OpenAI says its new tools mean ChatGPT chatbot can see, hear, speak

OpenAI on Monday said its chatbot has developed humanlike skills needed to converse with people and debuted an overhaul of ChatGPT’s new powers.

The artificial intelligence company has pressed forward with new audio and video tools designed to make its product more lifelike.

OpenAI said that “ChatGPT can now see, hear and speak” and the audio platform Spotify was using the tools to translate podcasts.

“The new voice technology — capable of crafting realistic synthetic voices from just a few seconds of real speech — opens doors to many creative and accessibility-focused applications,” OpenAI said on its blog. “However, these capabilities also present new risks, such as the potential for malicious actors to impersonate public figures or commit fraud.”

OpenAI showcased the beneficial uses of its new offerings on its blog, in videos depicting people using ChatGPT to generate a bedtime story and someone receiving advice on adjusting a bicycle seat from messaging an image of the problem.

Amid concerns about how the audio and visual tools may enable fraud, OpenAI said it would gradually deploy the capabilities and carefully share the offerings with users and developers.

Spotify, the music and podcasting platform, already has deployed a product using the technology.

The audio company said it’s piloting Voice Translation for its podcasts whereby listeners can hear broadcasts in a different language than the original recording.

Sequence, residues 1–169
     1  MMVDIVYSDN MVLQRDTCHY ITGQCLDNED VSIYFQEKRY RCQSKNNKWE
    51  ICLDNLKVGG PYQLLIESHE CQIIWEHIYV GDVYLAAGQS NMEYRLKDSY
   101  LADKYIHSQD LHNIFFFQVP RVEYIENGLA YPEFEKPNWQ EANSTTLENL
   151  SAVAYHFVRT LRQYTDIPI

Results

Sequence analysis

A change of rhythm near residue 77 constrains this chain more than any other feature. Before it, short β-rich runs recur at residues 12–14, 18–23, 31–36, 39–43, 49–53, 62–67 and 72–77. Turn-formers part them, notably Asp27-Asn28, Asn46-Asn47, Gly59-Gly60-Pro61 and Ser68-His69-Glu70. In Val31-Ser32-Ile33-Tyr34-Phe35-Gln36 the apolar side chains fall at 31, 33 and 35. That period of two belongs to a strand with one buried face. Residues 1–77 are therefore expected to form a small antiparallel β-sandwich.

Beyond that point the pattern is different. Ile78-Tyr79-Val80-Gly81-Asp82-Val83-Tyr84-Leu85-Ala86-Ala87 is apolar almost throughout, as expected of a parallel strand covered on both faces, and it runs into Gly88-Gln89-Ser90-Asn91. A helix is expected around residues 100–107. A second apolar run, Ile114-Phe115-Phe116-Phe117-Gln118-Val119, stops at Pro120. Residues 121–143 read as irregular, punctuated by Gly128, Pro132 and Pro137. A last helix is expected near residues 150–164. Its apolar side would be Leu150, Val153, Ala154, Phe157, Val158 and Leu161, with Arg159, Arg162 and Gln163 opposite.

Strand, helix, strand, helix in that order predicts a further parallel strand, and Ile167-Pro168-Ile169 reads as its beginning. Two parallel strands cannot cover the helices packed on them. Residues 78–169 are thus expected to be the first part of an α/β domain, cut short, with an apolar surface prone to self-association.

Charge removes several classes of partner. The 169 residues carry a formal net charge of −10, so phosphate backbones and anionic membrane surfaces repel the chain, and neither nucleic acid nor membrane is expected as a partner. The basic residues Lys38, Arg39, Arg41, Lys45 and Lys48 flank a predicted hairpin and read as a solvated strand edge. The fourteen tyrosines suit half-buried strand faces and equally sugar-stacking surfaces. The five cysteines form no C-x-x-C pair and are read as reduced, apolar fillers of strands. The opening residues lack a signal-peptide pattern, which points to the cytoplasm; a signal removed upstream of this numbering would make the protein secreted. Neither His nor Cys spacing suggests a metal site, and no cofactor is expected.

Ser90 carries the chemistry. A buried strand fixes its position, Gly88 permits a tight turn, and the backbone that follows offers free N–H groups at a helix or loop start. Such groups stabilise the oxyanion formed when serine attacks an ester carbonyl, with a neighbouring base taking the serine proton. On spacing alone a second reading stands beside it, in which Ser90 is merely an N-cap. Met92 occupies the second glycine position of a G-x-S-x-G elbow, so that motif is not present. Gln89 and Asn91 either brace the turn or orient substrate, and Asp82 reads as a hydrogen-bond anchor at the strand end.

Spotify is debuting the technology on a handful of podcasts, which will let people listen to English-language episodes in different tongues while keeping the speaker’s distinctive characteristics, such as pacing and syntax.

“By matching the creator’s own voice, Voice Translation gives listeners around the world the power to discover and be inspired by new podcasters in a more authentic way than ever before,” said Ziad Sultan, Spotify vice president of personalization, in a statement.

AI tools that let people impersonate someone’s image and voice already exist.

OpenAI’s Ilya Sutskever and Jan Leike warned in July that AI surpassing human intelligence could arrive before the end of the decade and lead to “human extinction.”

In response to the doomsday concern, OpenAI said it was assembling a team of researchers to help delay the apocalypse.

Not every tech expert has a pessimistic outlook on the arrival of tech tools.

At the Intelligence and National Security Summit in July, Booz Allen Hamilton’s Patrick Biltgen touted the promise of AI assistants to help American intelligence officers solve complex problems.

Mr. Biltgen, who works on AI with U.S. government agencies, said he envisioned spies using AI similar to how the AI character J.A.R.V.I.S. assists Tony Stark in the popular superhero tale “Iron Man.”

Source: WT